Island Games is a YA novel written about two boys, Ryan and Matthew, who wake up to find themselves stranded on an island with no memory as to how they got there, and only faint memories of their lives before waking up. Although scary on it’s own, the boys are also fearing that someone has strategically placed them there, as they find their way to multiple “quadrants” where they must complete tasks in order to be rewarded with food and water.

When I started reading the book, I somehow must have missed that it was a YA read. As the chapters went on, I started to feel as though the conversation was a little immature for my liking, however, once I realized that it was indeed written for Young Adults, it did seem a bit more fitting.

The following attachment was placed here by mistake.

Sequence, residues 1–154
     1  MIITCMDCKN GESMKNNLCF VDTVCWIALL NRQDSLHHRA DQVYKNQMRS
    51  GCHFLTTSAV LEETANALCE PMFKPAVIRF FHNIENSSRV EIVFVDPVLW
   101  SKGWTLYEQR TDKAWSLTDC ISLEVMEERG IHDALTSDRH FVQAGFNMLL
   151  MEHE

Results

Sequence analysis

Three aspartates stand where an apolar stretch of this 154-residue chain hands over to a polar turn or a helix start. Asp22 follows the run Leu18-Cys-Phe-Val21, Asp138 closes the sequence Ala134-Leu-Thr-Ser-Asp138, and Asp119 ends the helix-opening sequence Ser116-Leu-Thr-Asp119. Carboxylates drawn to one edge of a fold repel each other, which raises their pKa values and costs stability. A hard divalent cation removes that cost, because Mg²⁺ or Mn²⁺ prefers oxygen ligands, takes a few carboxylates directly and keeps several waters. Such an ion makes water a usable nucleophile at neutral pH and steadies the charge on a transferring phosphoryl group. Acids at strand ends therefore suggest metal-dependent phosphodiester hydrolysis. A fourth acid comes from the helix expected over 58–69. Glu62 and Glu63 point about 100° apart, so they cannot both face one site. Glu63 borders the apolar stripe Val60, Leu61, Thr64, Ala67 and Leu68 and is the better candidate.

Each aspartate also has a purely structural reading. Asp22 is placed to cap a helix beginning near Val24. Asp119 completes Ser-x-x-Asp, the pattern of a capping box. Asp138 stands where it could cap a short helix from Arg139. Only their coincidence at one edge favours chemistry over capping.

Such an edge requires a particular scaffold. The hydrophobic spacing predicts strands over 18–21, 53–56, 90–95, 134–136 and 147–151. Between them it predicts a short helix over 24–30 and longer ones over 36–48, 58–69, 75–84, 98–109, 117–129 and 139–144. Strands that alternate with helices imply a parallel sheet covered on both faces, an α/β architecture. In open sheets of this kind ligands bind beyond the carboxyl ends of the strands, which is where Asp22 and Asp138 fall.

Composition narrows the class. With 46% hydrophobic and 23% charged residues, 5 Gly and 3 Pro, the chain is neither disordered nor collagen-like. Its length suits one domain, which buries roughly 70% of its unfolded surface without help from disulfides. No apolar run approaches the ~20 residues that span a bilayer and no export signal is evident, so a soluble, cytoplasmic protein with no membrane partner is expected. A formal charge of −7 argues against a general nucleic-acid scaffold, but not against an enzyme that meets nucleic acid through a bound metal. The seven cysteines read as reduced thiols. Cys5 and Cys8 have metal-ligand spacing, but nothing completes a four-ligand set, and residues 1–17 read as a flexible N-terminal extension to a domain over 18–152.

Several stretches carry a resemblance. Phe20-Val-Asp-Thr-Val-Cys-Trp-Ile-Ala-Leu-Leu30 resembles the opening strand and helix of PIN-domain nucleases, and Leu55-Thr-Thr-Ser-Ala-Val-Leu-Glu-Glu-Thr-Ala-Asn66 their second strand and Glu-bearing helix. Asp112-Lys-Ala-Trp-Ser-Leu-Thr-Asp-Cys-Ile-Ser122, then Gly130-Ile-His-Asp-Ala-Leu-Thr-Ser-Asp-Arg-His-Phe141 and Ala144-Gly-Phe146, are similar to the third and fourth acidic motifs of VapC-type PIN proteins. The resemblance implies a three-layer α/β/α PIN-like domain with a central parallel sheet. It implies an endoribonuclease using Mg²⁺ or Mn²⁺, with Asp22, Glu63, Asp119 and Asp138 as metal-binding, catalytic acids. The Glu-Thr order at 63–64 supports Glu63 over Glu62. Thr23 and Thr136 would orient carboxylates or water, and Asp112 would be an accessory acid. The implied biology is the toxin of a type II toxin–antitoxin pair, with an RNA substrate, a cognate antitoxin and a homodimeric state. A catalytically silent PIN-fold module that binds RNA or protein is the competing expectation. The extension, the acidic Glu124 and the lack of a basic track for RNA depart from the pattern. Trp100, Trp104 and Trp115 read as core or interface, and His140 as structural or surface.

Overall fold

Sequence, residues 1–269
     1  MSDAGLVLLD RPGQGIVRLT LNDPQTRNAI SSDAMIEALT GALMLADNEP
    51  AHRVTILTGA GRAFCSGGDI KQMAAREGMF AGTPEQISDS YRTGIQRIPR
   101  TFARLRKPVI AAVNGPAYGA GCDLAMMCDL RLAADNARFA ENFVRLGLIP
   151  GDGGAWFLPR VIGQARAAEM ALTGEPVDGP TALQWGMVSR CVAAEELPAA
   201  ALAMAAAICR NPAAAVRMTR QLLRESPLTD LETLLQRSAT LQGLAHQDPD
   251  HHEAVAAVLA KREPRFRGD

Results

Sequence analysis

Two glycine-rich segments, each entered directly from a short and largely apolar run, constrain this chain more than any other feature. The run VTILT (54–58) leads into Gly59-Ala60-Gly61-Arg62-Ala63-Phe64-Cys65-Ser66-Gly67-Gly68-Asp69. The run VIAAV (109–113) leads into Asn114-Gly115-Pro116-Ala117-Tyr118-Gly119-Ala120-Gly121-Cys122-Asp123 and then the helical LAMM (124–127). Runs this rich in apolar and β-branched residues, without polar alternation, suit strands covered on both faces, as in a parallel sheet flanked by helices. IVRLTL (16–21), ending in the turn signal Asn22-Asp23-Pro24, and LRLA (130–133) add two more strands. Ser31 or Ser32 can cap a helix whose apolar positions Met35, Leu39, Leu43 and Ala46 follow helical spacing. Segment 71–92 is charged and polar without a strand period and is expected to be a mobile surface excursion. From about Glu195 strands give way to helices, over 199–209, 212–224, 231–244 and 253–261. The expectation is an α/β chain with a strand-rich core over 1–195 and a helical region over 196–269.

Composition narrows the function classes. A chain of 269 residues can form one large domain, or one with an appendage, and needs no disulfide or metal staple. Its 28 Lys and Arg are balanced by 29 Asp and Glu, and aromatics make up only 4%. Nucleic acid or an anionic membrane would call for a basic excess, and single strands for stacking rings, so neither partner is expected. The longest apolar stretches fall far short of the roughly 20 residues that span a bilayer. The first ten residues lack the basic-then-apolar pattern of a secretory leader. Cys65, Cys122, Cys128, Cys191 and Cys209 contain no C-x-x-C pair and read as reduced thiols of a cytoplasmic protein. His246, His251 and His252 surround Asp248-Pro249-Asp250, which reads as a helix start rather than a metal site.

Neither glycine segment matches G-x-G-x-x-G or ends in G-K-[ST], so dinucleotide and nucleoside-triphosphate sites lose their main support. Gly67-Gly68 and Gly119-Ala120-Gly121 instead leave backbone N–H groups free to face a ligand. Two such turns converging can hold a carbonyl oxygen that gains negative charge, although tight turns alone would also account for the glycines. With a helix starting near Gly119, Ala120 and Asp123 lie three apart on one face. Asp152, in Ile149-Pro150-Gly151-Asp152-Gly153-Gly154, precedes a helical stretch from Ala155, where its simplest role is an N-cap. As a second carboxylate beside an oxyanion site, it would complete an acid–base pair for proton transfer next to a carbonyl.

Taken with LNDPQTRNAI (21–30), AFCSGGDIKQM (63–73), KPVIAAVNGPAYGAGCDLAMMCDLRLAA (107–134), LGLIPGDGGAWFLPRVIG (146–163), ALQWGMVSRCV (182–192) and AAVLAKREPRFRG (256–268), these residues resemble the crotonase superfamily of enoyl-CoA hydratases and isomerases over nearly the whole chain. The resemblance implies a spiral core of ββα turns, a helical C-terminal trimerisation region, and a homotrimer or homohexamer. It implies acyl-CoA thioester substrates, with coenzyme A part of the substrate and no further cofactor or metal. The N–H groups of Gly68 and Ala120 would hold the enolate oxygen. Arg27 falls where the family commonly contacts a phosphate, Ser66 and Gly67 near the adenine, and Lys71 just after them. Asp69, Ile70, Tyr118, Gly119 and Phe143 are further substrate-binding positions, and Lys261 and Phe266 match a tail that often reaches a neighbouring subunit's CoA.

You can read my full review here:


Playing Hurt by Gerald L. Nardella

Book Cover





Playing Hurt was published in fall of 2015, but the opportunity for review had just recently came available to me. The story line takes us back to the 1960’s, where we are given a glimpse into what it was like to make the transition from adolescence to adulthood, although not that different that what I see during the present.

Despite the short length of the story, this one was packed full of drama and in-depth relationships between characters. There are so many story lines playing out, yet somehow the author manages to keep the flow smooth and intertwines the different plots applicably.

I’m impressed.


My full review is below.